Russell lead us to the large 100,000L storage tanks outside and each of us filled a wine glass directly from a spigot on the tank containing the 2012 Boxer shiraz. After watching several others fill their glasses with a couple ounces of wine, I followed suit and poured myself what I felt to be an “appropriate” tasting volume.  I immediately wished I had poured a larger glass.  The wine….was…delicious.  When I commented on how tasty the wine was, Russell encouraged me to pour myself a little more.  I didn’t require any further convincing.

At this point, Russell began to explain the “fruit-weight” measurement system MollyDooker invented for measuring the quality of the wine they produce.  Throughout the growing and wine-making processes, the wine tasters individually measure the percentage of their palate covered by the flavors from the grapes and wine.  They determine which batches become the varying wines: a fruit weight of 65%-75% becomes The Boxer, fruit weights between 75% and 85% become Blue-Eyed Boy, 85% to 95% becomes Carnival of Love, and fruit weights greater than 95% become MollyDooker’s top-of-the-line Velvet Glove.

Once we all had a grasp of the basics of the fruit-wight system, we were presented with a much smaller container (5,000L).  Russell had us pour ourselves a glass of this and asked us to guess the fruit weight.  I realized immediately that this wine was very good.  In fact, it was the best I have ever tasted.

“85%?” I asked.

The woman from Chicago agreed that it was good, but said she thought it was closer to 90%.

“This wine and the wine in the tank adjacent to it are competing to be the 2012 Velvet Glove.” Russell informed us. Its fruit eight was 95%+.

“This is probably the only time we’ll get to try this wine,” Her said to me, “so you better enjoy that glass!”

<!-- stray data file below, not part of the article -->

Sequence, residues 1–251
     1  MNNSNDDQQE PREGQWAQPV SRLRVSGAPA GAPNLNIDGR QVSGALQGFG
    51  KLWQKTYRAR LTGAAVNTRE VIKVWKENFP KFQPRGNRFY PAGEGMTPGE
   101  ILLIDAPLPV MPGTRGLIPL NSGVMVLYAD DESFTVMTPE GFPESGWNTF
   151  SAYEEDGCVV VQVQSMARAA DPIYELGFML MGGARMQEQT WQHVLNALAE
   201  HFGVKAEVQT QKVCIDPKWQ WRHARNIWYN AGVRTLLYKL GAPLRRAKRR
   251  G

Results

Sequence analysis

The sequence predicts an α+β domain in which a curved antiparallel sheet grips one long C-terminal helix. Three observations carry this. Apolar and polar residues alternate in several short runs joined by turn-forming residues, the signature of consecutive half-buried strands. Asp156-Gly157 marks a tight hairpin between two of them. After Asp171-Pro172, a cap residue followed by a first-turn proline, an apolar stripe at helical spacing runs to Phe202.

“In that case, why don’t you pour yourself some more?” Russell implored us.

Last year, MollyDooker made international headlines when a forklift dropped $1 million worth of 2010 Velvet Glove at the Adelaide loading docks.

They took the epic loss in stride, however.

“When Sparky went down to look, he opened the door [to the storage container] and said, ‘It smells fantastic!'” Russell said with a smile. “We learned you don’t put all your Velvet Glove in one basket. It was a painful lesson to learn.”

At lunch in the boardroom, Sparky Marquis came into the room, poured himself a glass of wine and proceeded to share stories about how he started in wine making and where it’s taken him all these years.  He explained the origins of the “MollyDooker Shake” and told us about the winery’s wonderful charitable works in Southeast Asia providing for hundreds of orphans.  Sarah, Sparky’s wife and wine-making partner, was visiting the orphanage at that time to oversee the Christmas party they were throwing for the kids.

After a couple of hours of lively storytelling and numerous laughs, Sparky excused himself and returned to the serious business of making killer wines. We returned to the serious business of drinking his wine which meant Her was soon asleep once we hit the road.

The MollyDooker family is a tight-knit group of individuals who all have a single goal: producing wines that make people say “WOW!”  And they have succeeded.  They treated us like old friends and the experience is one I will never forget. In fact, the tour has ranked as our favorite experience on this World Trip — so far.